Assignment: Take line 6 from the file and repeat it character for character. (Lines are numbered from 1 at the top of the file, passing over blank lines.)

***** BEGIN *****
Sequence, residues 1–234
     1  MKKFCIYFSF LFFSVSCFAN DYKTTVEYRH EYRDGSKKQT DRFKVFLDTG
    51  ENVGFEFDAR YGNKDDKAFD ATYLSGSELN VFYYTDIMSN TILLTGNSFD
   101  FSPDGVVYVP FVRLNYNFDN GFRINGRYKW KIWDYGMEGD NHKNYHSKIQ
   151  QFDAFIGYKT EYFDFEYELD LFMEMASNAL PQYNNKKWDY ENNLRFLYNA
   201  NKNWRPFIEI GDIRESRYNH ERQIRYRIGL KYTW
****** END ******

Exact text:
   201  NKNWRPFIEI GDIRESRYNH ERQIRYRIGL KYTW